“Now walk over here very slowly,” he continued. I played along and tried my best to hear to Pomp and Circumstance ringing in the humid air. Mr. Morgan placed the tube in my hand and offered sincere congratulations. His firm handshake and familiar smile could have been the Dean of the College of Letters and Science or even my father’s. I thanked him and returned to my desk. We held a new respect for one another after that. Thinking back, I regret not giving my dad the opportunity to see me graduate college. The Great Depression interrupted his years at NYU. Wasn’t I being sensitive? I’d had opportunities he hadn’t. Still, after a year of CIA agents in the classroom, People’s Park, the all UC campus strike, occupied administration buildings, tear gas and the like, I wanted little to do with formal recognition from the big U. I guess I blew that and should have done it for him. One thing remains clear, having my own ceremony, officiated by someone proud to know me, still brings gratification. That mailing tube is as important to me today as the degree.
By autumn of 1969, the people in that pick-up truck ride I took my first week in Houston had become my new best friends. Larry was my roommate and Terry and Kim my closest women friends. Terry moved to an unincorporated area outside Houston with Michelle, another VISTA originally from Texas. They shared an old trailer and worked mostly on health issues with local women. Terry and Michele would come into Houston about once a month to catch up on news around the project and share dinner and stories. Kim’s story took a different turn. She and a few other VISTAs had been severely harassed by Houston cops for their presence in a black community. We all received our share of unwelcome comments from police who were uncomfortable with our presence in areas that were held segregated. When Kim and her housemates were stopped by Houston’s finest one evening, her time as a VISTA volunteer changed. Riding to a community meeting in a car driven by a Black man was all it took. A heated conversation erupted. When the police announced they’d found marijuana under the front seat, Clarence the driver was handcuffed. Everyone in the car knew the dope was planted. When one of the cops made a remark to Kim about blonde girls riding around with niggers, she soon found herself arrested as well.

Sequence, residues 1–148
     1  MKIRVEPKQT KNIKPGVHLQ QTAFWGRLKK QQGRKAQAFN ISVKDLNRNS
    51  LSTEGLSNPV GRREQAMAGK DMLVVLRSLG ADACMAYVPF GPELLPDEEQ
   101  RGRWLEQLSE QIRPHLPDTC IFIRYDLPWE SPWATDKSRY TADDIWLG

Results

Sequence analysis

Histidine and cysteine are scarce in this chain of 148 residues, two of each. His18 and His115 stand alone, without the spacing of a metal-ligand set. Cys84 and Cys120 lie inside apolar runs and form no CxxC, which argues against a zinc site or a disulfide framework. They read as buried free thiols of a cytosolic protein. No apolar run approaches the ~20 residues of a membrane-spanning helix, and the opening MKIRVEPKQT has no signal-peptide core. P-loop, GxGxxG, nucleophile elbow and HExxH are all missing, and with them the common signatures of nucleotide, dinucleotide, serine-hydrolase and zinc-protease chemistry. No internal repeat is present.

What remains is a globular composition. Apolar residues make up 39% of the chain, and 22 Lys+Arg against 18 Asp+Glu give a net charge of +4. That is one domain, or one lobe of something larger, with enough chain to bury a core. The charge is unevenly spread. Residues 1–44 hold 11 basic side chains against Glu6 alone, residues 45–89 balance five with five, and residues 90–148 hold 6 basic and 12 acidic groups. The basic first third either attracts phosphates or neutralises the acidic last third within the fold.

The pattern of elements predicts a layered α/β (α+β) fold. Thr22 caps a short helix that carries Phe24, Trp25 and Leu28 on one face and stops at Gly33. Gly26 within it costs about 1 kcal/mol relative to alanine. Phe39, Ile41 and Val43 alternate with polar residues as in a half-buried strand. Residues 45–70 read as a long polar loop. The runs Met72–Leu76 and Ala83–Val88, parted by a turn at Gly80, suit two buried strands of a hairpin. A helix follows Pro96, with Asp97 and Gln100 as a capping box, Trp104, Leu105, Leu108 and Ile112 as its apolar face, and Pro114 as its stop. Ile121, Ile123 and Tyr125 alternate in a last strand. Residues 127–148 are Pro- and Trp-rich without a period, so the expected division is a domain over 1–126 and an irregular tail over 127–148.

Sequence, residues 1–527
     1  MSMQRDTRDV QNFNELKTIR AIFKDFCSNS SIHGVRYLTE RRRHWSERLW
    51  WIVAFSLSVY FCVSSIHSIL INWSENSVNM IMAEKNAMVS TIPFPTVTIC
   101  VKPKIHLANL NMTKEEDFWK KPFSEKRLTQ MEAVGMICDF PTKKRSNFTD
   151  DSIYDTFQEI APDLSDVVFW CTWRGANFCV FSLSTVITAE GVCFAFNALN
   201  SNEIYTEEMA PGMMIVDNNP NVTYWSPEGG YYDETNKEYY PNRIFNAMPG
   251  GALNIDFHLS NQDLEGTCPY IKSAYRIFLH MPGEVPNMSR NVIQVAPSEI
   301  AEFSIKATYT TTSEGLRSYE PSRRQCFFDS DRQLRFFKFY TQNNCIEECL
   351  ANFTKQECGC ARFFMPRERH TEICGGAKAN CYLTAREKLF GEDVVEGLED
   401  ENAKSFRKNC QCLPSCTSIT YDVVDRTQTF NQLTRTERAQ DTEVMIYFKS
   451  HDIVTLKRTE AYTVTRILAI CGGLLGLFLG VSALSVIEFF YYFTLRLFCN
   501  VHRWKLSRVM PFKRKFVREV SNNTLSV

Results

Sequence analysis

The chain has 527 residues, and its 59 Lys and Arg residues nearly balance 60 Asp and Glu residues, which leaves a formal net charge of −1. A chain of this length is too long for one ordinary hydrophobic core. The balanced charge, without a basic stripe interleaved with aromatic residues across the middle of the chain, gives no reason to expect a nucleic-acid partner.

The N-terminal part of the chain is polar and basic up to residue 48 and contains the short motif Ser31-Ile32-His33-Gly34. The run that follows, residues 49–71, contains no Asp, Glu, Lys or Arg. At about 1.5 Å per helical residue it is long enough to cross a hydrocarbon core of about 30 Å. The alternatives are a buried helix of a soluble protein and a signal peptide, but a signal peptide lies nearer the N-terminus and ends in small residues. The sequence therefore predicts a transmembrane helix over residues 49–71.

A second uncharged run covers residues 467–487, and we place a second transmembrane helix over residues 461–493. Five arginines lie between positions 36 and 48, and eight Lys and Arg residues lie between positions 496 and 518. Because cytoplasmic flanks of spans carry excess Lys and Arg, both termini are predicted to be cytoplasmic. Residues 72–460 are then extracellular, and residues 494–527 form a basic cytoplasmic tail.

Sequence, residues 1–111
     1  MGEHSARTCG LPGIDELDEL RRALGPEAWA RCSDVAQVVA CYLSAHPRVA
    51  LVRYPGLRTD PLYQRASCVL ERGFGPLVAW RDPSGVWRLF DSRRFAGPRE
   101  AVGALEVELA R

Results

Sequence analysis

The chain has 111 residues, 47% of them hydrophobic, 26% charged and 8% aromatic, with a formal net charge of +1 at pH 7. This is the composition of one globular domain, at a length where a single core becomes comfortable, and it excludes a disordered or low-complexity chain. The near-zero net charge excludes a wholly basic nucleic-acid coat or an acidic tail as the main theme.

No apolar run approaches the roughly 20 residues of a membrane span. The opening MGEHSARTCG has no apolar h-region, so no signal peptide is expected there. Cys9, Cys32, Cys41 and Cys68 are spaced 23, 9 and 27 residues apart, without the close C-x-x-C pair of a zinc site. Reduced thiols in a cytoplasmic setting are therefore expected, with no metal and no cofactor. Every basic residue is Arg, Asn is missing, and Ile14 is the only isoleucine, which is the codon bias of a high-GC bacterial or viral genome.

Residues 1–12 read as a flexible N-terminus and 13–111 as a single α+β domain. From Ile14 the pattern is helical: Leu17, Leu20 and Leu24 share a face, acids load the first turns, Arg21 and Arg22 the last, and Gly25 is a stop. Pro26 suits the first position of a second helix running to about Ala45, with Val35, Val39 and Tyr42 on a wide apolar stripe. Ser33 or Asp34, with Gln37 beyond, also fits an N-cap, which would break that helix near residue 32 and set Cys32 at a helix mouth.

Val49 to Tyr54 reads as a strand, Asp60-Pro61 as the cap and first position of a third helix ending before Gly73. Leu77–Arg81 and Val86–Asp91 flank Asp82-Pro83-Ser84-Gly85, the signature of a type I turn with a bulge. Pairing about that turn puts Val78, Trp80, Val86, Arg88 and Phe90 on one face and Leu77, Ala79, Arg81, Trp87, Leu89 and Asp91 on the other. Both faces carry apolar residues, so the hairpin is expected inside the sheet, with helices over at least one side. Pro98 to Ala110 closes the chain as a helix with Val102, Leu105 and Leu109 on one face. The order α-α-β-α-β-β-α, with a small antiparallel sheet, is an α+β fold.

VISTAs are not supposed to get arrested. Sometimes it can’t be helped. After a trial, which featured the arresting officers blatantly lying in court, Kim decided that VISTA was not where she could best serve people. In the end, a small fine ended the episode. But it was clear that White folks, especially women, would be constant targets for the police. It was understood that to be a woman in VISTA was infinitely more difficult. It was apparent, too, that the official policy of the Houston Police Department was concerned more with maintaining the status quo than any sense of honesty or equity. Although we were becoming more than close friends, Kim felt she needed to get out of Texas for a while. I think it’s fair to say that she was stunned by the injustice of her “trial.” I’m not sure her college experience at Smith or a year abroad in England had prepared her for the reality of Houston’s streets. Those of us from more working class backgrounds understood that evidence could be planted. We knew too that certain vehicles were under scrutiny for burned out license plate lights or the age, ethnicity, or gender of their occupants. An offer to move in with a friend in Chicago helped her decide. But our future together did not end in that courtroom. We shared a love of books, horses, and music. She, the platinum blonde girl who looked more like the Californian, and I, the dark haired Semitic looking kid who looked more like the New Yorker, knew we’d see each other again. Our relationship, for the moment, would be long

Kim's Texas Blues